Damned in black at the Inferno Metal Festival 2011
Another black easter filled with infernal extreme metal madness is behind us, and even though I'm glad this only takes place once a year, I'm already looking forward to the next Inferno Metal Festival. It has been great fun to be a part of what is, in my opinion, not only Norway's greatest easter tradition but the world's. It is not only a festival of music, but a chance to enjoy artwork, tattoos, shopping and horror films as well as networking, meeting your favourite artists and partying with other extreme metal fans. In short - it contains everything your black little heart may desire (if you got one, that is).
The first Inferno Metal Festival was held in 2001 headlining bands such as Khold and Borknagar, and the festival has only grown bigger since then, attracting people from all over the planet. This year metal fans were served a wide range of different bands, among them the mathematical and innovative geniuses Meshuggah and the northern masters of black metal Immortal.
The festival gives metal heads all over the world 4 days of music and mischief. It kicks off with the Wednesday Club Night which since 2008 has arranged for the metal and rock pubs and clubs around Oslo to have concerts presenting both less famous and aspiring bands as well as the more well-established ones. I had the pleasure of being present at Rock In and Unholy this day, and was plesently surprised both with the bands I'd never heard of before and with well-known Alcest. At Rock In, March of Echoes delivered progressive post-rock inspired metal, at Unholy The Farmhouse Killings served melodic death metal combined with brutal grungy rock and back at Rock In, Resonaut gave us 70s' rock influenced metal while Alcest simply was Alcest - great, melodic and evanescent black metal. The atmosphere is intimate and crowded during Club Night and this year was no exception, especially during Alcest, and it's a great way to start the 4-day metal mayhem (full program and venues can be found at http://www.infernofestival.net/).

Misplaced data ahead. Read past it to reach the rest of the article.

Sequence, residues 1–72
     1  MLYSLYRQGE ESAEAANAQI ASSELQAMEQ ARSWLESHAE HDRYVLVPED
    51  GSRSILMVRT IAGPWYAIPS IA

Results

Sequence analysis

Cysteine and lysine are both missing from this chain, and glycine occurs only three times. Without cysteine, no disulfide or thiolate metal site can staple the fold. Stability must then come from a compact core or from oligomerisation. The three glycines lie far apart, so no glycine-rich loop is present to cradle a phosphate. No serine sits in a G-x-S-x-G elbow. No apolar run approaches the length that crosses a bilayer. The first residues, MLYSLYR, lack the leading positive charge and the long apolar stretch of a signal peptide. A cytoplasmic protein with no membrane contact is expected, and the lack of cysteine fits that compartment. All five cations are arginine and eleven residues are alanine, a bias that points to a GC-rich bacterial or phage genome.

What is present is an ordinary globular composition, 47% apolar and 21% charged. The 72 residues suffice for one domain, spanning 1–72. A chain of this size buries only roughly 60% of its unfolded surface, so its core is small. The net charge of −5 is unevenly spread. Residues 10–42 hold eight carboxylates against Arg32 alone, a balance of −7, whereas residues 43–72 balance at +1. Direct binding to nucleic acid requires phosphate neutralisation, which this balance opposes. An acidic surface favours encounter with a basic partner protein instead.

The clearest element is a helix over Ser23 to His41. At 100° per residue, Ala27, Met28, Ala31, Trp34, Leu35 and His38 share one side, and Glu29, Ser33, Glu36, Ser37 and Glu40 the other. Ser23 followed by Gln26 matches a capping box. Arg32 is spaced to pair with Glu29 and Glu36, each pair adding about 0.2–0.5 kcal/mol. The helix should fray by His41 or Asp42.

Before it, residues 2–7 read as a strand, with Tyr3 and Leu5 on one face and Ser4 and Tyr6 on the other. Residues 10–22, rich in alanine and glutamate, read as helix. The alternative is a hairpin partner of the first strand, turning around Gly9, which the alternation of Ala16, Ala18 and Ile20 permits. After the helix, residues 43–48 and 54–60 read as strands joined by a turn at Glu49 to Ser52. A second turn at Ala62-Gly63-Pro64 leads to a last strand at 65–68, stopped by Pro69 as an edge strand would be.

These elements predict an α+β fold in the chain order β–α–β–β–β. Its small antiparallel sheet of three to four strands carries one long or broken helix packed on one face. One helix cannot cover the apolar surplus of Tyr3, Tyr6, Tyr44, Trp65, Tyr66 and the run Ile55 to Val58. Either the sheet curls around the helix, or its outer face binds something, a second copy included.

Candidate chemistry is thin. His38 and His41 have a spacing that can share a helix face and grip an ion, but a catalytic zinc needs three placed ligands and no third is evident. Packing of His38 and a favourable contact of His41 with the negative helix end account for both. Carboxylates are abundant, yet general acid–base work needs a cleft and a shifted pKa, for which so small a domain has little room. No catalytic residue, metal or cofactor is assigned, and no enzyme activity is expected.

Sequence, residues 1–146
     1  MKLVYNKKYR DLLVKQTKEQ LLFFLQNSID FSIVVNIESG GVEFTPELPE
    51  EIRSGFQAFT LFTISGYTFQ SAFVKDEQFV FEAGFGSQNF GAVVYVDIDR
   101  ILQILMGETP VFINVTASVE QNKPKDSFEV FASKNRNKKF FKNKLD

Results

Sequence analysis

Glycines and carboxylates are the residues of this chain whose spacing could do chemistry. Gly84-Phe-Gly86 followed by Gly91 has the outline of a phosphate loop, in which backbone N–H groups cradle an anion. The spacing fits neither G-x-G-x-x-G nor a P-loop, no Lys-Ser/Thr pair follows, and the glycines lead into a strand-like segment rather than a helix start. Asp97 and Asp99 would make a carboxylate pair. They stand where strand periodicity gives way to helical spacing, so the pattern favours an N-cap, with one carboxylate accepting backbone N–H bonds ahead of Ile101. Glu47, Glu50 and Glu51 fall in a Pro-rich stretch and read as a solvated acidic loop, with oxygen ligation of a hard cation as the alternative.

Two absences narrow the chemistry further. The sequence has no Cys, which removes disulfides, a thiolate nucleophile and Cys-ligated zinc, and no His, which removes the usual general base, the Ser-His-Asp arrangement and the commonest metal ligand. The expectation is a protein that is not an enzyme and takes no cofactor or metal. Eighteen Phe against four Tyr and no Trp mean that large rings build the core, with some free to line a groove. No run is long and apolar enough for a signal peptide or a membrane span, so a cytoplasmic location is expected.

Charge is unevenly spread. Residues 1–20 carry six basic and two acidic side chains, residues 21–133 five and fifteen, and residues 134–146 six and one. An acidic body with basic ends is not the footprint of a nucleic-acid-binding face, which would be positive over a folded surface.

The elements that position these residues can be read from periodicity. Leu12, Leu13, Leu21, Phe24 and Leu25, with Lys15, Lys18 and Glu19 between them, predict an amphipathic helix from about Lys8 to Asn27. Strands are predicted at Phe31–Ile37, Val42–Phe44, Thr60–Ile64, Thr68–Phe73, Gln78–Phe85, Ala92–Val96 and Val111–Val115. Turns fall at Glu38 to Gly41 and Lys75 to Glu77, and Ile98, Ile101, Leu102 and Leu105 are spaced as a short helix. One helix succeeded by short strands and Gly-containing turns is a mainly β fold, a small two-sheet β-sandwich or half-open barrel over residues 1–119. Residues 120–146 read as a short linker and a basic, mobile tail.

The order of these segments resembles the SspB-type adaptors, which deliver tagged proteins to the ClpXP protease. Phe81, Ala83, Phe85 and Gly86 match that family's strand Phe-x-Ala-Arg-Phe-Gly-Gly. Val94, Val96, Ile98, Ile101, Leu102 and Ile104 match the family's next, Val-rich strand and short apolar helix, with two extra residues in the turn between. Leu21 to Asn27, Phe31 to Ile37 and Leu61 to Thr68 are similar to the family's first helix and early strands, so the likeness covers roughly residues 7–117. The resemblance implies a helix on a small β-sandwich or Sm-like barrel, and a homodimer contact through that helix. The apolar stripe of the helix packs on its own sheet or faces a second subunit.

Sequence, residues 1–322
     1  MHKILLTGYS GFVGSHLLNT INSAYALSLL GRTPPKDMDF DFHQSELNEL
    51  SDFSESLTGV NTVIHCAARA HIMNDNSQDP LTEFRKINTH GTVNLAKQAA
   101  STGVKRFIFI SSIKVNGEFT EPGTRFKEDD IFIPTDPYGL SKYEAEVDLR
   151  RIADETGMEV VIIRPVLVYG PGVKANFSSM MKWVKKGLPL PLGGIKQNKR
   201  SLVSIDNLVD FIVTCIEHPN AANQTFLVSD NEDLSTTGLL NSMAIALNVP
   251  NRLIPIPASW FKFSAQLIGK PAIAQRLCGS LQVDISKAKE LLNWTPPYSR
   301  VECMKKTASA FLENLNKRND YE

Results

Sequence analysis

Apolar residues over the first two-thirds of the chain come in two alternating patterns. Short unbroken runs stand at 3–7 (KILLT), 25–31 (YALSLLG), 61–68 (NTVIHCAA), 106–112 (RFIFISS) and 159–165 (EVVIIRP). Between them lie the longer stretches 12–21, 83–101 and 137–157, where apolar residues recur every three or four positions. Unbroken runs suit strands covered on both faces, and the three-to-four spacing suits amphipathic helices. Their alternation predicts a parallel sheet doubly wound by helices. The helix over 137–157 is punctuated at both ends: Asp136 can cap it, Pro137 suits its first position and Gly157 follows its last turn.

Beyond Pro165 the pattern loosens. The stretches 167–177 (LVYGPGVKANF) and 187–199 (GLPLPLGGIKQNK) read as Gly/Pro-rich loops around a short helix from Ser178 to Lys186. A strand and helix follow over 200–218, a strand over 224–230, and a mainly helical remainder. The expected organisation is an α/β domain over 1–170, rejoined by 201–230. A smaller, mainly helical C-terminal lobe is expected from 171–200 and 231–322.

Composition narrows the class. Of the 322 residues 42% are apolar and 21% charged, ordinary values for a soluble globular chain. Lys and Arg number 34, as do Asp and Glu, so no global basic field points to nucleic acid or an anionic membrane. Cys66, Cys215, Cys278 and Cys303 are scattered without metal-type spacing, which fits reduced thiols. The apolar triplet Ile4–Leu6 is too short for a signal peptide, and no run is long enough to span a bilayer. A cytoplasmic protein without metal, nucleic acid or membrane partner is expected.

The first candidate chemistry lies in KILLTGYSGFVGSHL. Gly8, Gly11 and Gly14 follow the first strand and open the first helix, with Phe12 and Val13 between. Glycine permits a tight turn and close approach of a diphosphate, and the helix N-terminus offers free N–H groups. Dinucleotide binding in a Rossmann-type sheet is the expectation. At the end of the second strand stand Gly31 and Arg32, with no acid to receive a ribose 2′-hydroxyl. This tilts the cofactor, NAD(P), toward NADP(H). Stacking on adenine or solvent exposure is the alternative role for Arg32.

Thursday and 2nd day at Inferno was a blast. Workshops about running your business and tutoring in extreme metal vocals and guitar playing were held at the official festival hotel, Hotel Royal Christiania. At Rockefeller I got to see the Indian metal band Bhayanak Maut, the minister of goth himself Gothminister, the masters of avant-garde psychotic black metal DHG/Dødheimsgard and trashy black metal Aura Noir. While I personally do not see the exact purpose of Gothminister playing at an extreme metal festival, he and his musicians delivered a kick-ass show filled with energy, pyrotechnics and many new songs from his upcoming album "Anima Inferna." Bhayanak Maut consisted of Indians who looked like they'd been pulled straight out of business school and into black t-shirts, screaming their lungs out, which was entertaining enough. DHG/Dødheimsgard delivered a fantastic live show which exceeded my every expectation, serving the audience a meal of metal avant-garde psychosis. Aura Noir opened the show with "We are the ugliest band in the world!" and set the record straight, bringing us trashy black metal the way it should be.